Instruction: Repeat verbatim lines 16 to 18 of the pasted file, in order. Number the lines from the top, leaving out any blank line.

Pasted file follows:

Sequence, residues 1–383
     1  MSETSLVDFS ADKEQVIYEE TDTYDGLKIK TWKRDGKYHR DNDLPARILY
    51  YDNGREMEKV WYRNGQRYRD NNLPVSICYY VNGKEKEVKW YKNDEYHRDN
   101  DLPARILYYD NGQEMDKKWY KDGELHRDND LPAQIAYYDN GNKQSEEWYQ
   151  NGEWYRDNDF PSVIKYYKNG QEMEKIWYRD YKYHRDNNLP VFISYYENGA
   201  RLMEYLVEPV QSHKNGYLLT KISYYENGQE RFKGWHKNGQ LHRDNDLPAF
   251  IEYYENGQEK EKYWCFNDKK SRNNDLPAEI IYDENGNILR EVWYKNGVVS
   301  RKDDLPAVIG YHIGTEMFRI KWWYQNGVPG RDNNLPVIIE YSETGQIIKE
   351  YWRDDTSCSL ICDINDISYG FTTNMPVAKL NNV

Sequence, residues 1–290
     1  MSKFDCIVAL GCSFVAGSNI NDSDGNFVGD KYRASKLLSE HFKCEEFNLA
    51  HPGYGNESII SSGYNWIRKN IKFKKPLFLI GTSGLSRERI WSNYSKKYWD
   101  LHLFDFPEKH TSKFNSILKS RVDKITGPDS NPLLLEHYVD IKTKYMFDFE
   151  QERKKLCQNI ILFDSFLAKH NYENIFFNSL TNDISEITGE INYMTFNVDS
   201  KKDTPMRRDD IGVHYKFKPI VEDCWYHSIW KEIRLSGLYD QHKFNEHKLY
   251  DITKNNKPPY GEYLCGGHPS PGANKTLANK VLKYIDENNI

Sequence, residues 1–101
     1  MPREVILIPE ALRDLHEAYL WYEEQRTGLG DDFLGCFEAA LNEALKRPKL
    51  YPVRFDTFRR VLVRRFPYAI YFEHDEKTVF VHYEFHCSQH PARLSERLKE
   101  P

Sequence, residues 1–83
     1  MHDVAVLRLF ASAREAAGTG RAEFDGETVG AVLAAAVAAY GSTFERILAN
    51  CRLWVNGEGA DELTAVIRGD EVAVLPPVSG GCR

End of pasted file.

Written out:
   251  DITKNNKPPY GEYLCGGHPS PGANKTLANK VLKYIDENNI

Sequence, residues 1–101
     1  MPREVILIPE ALRDLHEAYL WYEEQRTGLG DDFLGCFEAA LNEALKRPKL